At first glance the place didn’t look too bad at all. ‘In fact,’ Helen thought to herself, ‘It actually looks pretty nice.” It was a red brick building, with long thin white framed windows that looked as though were iced onto gingerbread.
Ignoring the piles of binbags stacked like mounds of dirty washing by the giant wheelie bins, Helen climbed the steps up to the heavy close door and pushed the buzzer. Someone had stuck a piece of chewing gum right next to the silver button, and it had hardened into a greyish pink disk.
The door intercom crackled unintelligibly and Helen heard the deep buzz that signified that it would open. She grabbed the handle and pulled, before unexpectedly stepping backwards – it hadn’t been locked anyway.
Climbing the stairs to the second floor Helen took surreptitious glances along the landings. Some of the flats had bikes outside, others brightly coloured washing and plants. She reached the door of the place she was coming to view and took a deep breath. She was meeting the landlord but had no idea what to expect. This was the first time she’d ever even considered moving away from home, and even now she wasn’t sure it was what she wanted. The places in her price range had so far been pretty horrendous: sharing with tons of other people, too poky or just way too far out of London.
Helen knocked nervously. The paint was peeling and a flake splintered off under her knuckles. The door opened promptly and a small man let Helen in to a gloomy hall. The flat was also small. As she moved inside, Helen realised that she could see the entire place without taking another step. Suppressing a sigh, she smiled timidly at the man. He merely blinked, twitched his moustache and said: “£375 a month for the room. Bills not included. You’ll live with two others, that’s their room, this is yours.”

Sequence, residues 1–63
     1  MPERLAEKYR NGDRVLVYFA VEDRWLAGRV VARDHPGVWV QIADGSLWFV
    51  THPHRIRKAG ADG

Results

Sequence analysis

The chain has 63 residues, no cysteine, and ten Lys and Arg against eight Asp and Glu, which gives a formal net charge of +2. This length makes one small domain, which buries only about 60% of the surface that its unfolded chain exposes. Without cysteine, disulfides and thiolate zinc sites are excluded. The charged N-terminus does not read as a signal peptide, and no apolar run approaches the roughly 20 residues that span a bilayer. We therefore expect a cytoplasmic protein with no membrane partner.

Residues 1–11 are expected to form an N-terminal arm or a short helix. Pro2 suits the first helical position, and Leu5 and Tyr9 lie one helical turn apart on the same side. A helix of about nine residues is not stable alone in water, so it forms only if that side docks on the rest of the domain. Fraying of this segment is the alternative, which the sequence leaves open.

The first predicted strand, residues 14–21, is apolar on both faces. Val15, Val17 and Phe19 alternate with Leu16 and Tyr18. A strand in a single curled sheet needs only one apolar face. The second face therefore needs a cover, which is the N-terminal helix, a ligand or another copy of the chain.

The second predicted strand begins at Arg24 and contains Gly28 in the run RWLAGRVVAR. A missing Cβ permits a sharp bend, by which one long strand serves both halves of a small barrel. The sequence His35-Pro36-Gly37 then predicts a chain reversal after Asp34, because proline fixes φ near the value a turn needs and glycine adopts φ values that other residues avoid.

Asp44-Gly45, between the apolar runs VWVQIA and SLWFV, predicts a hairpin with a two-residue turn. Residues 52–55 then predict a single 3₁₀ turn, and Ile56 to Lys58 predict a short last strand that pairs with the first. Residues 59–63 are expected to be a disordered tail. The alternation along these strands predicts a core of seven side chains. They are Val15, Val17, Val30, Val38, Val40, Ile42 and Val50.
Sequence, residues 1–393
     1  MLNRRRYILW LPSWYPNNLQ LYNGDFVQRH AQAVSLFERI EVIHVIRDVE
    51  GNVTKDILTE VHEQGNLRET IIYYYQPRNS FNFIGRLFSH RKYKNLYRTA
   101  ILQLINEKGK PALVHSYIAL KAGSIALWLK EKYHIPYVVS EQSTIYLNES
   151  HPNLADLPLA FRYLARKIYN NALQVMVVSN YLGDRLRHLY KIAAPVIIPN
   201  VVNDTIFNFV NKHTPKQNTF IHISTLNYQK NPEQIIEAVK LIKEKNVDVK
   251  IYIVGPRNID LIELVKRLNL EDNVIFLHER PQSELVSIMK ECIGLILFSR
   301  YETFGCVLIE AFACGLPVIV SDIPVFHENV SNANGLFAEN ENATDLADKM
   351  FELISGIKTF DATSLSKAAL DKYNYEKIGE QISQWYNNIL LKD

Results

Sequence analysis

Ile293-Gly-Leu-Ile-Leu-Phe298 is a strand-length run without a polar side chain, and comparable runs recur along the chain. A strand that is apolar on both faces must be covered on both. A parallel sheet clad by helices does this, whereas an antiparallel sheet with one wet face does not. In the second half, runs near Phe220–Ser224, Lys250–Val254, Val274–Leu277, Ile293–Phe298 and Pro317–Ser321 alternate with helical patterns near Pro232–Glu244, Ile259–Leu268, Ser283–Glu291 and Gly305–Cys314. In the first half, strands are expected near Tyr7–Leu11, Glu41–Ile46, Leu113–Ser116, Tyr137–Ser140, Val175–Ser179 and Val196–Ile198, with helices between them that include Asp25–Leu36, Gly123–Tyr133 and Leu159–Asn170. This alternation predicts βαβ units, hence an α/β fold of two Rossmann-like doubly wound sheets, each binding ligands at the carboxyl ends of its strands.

It contained a single bed, greying curtains at the window, a grimy desk and a flimsy material wardrobe with an empty silver rail. The bottom half of the walls were painted a strange brownish red which put Helen in mind of dried blood. The top boasted wallpaper – but not just one design. Instead, each strip was different, creating a dizzying effect.
She glanced up at the ceiling, noting the creeping black speckles in the corner.
“Um, that looks like mould,” she ventured, pointing at the ceiling. The man glanced up, and as though he hadn’t heard, said to Helen. “We can only take you if you have proof of employment. No benefits, I’m afraid.”
Helen felt her cheeks flush as she drew herself up, replying: “I have a job. I’m a chef’s assistant on Mayfair. I’ll be looking after a family there. I’m sure they’ll give me a reference. About the mould….”
“No trouble. I’ll give it a fresh coat of paint, it’ll be good as new, you’ll never even know it was there.”